How One Man Escaped to the Woods and Gained 116,000 Instagram Followers

By James Mulvey

Social

A few short years ago, Dax Justin was living an ordinary life.

He lived in the city and worked for corporate clients and startups. He arrived in the office early and worked into the night. When looking for adventure, he might go longboarding or head to Banff to snowboard.

But at the end of 2013, everything changed. One day, he woke up and felt a need to escape into nature. He found some outdoor gear in his house (his jacket and pants still had the tags attached), packed his SUV, and drove towards the mountains.

He ended up at Bragg Creek, in Alberta, Canada, parked in a random spot, and walked in the woods. Out of nowhere, nature looked different to him and he began taking pictures with his camera phone. He made a decision that day to take a different path.

Classic Moraine Lake in the Summer. Banff National Park, AB. #feelsalive @morainelakelodge #mymoraine

A photo posted by Dax Justin (@daxjustin) on

Today, he lives beyond the ordinary. He quit his office job and built a freelance business, exploring the outdoors and sharing his work with his 116,000 Instagram followers.

In 2013, he had just started to take photographs. A few years later, his photography has been featured in national and international publications including Matador Network, Travel Channel, Canadian Geographic, and the CBC.

He has worked for and collaborated with Ford Canada, Travel Channel, KEEN Canada, Southwest Alberta, Mark’s, Destination British Columbia, The Weather Network, Canadian Badlands Tourism, and REVO Sunglasses.

I asked him to share some of the lessons he’s learned while following his passion and finding a global audience on Instagram.

Facing your fears in life and business   

Lots of people want to follow their dreams, start a business, or perhaps fly off a cliff like you did below. But fear holds us back. How do you decide to take the leap?

I think people don’t realize that we all have self-imposed mental blocks.

These mental blocks come from things we’ve been taught—for example, perhaps your parents had conservative careers and taught you to avoid risk. My parents are very traditional and I love them to death, but my path is a more audacious one.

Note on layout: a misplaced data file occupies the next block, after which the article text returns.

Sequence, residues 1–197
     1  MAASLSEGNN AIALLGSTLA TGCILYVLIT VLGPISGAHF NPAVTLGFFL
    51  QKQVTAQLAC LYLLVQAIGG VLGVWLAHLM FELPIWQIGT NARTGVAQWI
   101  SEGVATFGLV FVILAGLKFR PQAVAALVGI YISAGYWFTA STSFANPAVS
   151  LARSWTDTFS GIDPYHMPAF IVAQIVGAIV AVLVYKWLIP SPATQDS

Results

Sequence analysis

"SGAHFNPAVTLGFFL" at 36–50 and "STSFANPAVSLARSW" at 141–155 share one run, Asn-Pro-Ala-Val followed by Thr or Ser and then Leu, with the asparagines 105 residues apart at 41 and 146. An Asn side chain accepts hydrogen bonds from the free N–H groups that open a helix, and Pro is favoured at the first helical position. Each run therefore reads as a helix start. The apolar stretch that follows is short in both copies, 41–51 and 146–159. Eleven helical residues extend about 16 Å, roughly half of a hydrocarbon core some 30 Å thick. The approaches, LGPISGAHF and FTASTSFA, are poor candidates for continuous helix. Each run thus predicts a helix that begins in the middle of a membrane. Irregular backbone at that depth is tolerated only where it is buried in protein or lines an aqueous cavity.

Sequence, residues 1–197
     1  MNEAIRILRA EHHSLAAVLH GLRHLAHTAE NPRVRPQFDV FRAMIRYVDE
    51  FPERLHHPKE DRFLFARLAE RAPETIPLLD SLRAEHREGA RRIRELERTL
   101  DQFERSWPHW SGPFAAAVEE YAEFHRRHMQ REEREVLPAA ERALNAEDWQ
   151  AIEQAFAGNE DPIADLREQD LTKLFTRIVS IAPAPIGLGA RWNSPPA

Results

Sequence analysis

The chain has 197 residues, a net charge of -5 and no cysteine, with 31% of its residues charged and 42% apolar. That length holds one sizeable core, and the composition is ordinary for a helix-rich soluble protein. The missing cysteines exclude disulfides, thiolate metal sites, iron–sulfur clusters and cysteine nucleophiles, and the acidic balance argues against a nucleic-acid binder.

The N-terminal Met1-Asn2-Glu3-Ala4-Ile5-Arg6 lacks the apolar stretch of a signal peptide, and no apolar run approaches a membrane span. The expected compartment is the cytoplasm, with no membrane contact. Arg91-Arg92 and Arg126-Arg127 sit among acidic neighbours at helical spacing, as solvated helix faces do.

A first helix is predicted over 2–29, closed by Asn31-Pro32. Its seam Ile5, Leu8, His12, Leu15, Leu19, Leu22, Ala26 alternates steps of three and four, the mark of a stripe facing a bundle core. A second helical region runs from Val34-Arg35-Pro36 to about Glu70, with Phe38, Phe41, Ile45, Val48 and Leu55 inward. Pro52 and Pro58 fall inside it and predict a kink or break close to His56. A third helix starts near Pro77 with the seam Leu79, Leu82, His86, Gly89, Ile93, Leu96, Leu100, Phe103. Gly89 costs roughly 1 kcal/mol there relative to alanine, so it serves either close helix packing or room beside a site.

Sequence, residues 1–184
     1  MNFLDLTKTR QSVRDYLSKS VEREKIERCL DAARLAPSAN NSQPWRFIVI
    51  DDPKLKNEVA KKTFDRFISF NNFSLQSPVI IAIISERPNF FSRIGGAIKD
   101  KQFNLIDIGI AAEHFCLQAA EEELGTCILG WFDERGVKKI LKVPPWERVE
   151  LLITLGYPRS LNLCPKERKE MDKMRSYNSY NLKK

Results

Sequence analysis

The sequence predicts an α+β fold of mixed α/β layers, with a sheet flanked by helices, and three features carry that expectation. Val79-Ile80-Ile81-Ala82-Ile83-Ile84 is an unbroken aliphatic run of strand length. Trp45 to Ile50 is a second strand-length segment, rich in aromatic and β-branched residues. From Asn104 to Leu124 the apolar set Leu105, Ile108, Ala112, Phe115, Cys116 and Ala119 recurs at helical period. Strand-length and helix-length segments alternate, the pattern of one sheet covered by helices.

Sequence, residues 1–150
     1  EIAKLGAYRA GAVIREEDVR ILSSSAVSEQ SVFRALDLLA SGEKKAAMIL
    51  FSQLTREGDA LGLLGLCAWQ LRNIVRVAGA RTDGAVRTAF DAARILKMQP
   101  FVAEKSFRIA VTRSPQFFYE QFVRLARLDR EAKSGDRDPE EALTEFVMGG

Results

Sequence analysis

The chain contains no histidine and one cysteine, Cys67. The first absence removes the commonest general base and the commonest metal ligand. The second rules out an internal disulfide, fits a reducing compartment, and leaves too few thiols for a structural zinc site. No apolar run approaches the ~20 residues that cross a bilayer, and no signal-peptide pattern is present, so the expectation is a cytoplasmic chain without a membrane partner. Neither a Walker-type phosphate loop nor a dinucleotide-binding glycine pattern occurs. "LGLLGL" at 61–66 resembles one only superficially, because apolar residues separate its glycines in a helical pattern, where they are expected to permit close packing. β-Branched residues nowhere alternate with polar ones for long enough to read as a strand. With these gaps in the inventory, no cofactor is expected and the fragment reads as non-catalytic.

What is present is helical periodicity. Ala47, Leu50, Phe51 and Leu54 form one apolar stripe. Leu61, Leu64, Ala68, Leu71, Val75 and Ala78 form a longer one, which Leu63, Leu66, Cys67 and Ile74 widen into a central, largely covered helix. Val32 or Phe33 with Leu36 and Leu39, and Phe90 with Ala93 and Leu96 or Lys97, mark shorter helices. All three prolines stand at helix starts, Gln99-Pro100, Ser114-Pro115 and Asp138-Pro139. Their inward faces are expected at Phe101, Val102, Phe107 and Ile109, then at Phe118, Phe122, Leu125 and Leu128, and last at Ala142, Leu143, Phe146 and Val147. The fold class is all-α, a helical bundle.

Or perhaps a past experience colors your view. Maybe you tried to freelance for a while and couldn’t find clients. As a result, you gave up on the idea of owning your own business.

Forging through the creative struggles as an artist is a real thing. I’ve often tried to working nine to five. But deep down I always knew it wasn’t for me. I’m the most creative at the strike of midnight. It’s always been that way, so why was I trying to fit into something not best suited for me?

Now when an idea or adventurous opportunity arises that scares me, my main ritual is to tell myself to “shut up and just do it.”

You need to shut down all those external influences, the past experiences, or things you’ve been taught. Instead, immerse yourself in the task at hand and challenge yourself.

Your heart can beat your mind; always do it with heart. Only see what is before you and what you need to do in that moment. I’ve never regretted taking risks.

Let’s say someone out there wants to start a new business or Instagram account. But once they do a little research, they see their idea or angle isn’t original. How do you differentiate your content?

I think that’s another self-limiting belief that we put on ourselves. It’s another excuse to give up. I am guilty of this like most other artists and I have taught myself to overcome it.

We say, “everyone and their dog is a photographer now, how am I going to stand out?”

It’s good to think of what you are going to add to the conversation. But at the end of the day, the path you are following is yours. Create what you’d like to see.

If you create work that is true to your interests and passions, then people will naturally gravitate towards your work. Your work will be sincere and honest.

Also, if you really want to stand out on Instagram, I think you need to get outdoors. Instagram is saturated with the typical product shots or picturesque view everyone has already seen. Go further than your competitor. Show people things they’ve never seen before.

You’ve built a business around your passion and talents. For people out there reading this in their office and dreaming about starting a business, any words of advice to help them take the plunge?

Challenge yourself.